Dave (Wisconsin) WilsonNext to the wheel, the electric motor is arguably the most significant object ever invented by man. Just try to find any other invention that affects our lives as much as the electric motor. Its impact can be traced back to the early 19th century, where electric motors served as the heart of the mighty electrical machines that drove the industrial revolution. And today, they're everywhere! To illustrate this, one evening as my family was sitting around the table finishing dinner, I suggested that we have a little fun and all go around the house to count up how many electric motors we could find! After a little coaxing, they reluctantly agreed to play dad's little game. Not counting the motors in our cars, or the ones in my home lab, we counted 113 motors! In fact, there are 5 motors in the laptop that I am using to write this blog with!

When you consider the contribution of electric motors to our way of life, I thought it only fitting to devote a blog topic to the biggest, baddest, largest, most powerful, smallest, oldest, fastest, and youngest motors in the world. But in order to make this topic work, we need to agree on a definition of what is an electric motor:

electric motor: n. A device capable of transducing electrical energy into continuous steady-state mechanical motion, and vice versa, using magnetic flux as the intermediate energy storage medium.

This may seem like a rather broad definition, but it actually eliminates solenoids, relays, speakers, microphones, as well as piezoelectric, electrostatic, and molecular motors. In other words, we will only think of motors in the truly classical sense. So, using this definition, let's have some fun! I did some research on the web, and here is what I found:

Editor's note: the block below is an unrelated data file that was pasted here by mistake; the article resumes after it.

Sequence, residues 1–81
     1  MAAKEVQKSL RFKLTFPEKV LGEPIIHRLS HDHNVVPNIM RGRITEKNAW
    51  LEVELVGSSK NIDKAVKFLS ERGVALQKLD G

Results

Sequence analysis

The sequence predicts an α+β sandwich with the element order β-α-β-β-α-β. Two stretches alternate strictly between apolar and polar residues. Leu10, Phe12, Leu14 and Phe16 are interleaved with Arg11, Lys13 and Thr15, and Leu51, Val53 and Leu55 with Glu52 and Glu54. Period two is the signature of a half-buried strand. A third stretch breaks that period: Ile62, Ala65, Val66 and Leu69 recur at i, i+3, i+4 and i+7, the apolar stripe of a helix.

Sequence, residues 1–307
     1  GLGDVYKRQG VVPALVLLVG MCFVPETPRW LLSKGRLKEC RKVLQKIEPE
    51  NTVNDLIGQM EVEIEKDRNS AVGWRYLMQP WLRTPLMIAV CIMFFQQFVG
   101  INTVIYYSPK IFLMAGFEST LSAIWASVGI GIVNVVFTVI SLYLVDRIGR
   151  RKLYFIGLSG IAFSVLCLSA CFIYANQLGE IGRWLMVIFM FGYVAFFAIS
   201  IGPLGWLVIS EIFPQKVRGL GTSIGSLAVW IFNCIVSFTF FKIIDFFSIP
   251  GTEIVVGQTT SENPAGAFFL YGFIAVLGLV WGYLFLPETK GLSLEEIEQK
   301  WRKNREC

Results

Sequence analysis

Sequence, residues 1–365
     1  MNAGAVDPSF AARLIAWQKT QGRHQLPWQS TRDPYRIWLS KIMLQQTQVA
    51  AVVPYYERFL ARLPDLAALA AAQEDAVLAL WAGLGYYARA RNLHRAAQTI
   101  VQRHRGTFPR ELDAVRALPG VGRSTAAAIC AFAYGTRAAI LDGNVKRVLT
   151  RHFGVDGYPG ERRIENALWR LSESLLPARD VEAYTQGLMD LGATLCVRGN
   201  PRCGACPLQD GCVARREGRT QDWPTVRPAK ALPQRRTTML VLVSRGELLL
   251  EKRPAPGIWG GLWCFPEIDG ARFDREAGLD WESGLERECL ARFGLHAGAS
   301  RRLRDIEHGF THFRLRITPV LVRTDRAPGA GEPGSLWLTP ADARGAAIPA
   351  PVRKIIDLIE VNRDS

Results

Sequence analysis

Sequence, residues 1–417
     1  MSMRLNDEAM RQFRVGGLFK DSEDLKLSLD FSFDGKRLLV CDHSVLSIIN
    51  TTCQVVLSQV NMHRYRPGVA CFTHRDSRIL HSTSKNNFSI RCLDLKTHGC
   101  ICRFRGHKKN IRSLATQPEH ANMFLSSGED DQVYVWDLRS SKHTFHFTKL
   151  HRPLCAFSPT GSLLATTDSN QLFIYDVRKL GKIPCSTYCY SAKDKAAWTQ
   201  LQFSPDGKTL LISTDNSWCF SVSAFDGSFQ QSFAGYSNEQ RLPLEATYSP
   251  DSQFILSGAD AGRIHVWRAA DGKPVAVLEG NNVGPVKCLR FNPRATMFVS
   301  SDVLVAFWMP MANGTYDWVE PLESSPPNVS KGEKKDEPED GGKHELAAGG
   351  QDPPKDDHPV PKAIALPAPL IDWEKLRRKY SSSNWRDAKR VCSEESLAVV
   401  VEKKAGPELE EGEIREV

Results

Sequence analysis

• 1. What is the BIGGEST electric motor in the world?

This is actually a trick question. HINT: Think of "biggest" in terms of size, not power.

You can find the answer here

    • 2. What is the MOST POWERFUL electric motor in the world?

Again, somewhat of a trick question. HINT: focus on the "vice versa" part of my definition above.

You can find the answer here. Go to page 6, and read about the installation at Flamanville, France. 1.75 Giga-watts! WOW! 

    • 3. What is the MOST POWERFUL electric motor in the world that is not used as a generator?

HINT: "Houston, we have a problem."

You can find out by clicking here. I think it's even MORE amazing that this motor is driven by an INVERTER! 

    • 4. What is the SMALLEST motor in the world?

Again, I have eliminated molecular motors and electrostatic motors. We are only talking about motors that run on good old-fashioned magnetic flux. You can see a picture and find out more information by clicking here. This motor actually fits into a space no larger than one cubic mm! 

    • 5. What is the OLDEST motor in the world?

The answer may surprise you. It's NOT the brush DC motor! Technically, it is a non-commutated brushless DC motor. If not for my stipulation of "continuous" motion, the honor would go to Hans Christian Oersted, who in 1820, demonstrated he could rotate a compass "rotor" with a single loop of wire carrying current (stator). But instead, we generally attribute Michael Faraday with the invention of the electric motor, barely one year later. He was actually able to achieve continuous rotation with his motor. You can see an animation of his crude motor here (make sure Java scripting is enabled in your browser). You can build your own Faraday motor with only a AA battery, a piece of wire, a screw, and a magnet! Click here to see a fascinating demonstration of how to do this. 

    • 6. What is the FASTEST motor in the world?

HINT: This motor really sucks.

You can find the answer here. By the way, I seem to recall hearing about motors that are faster than this, but I can't find any supporting documentation to prove it. If you know of a faster motor, please reply and let me know. 

    • 7. What is the YOUNGEST motor in the world?

HINT: That's one small step for man...

ANSWER: In 1952, engineers at GE invented the PM Hybrid Stepper Motor. You can read more about the history of the stepper motor here

    • 8. I'll close with an easy one. Who is the NUMBER ONE SUPPLIER of semiconductors to the industrial market segment (including digital controllers for motor control) in the whole world?

HINT: Their initials are T.I. Don't believe me? Click here and here to see for yourself.

So now that you've met the "motors with the most", and the company that's driving the most motors, consider whether TI is right for YOUR motor. Find out more about TI's motor control solutions at our motor control homepage: the meantime, keep those motors spinning! :-)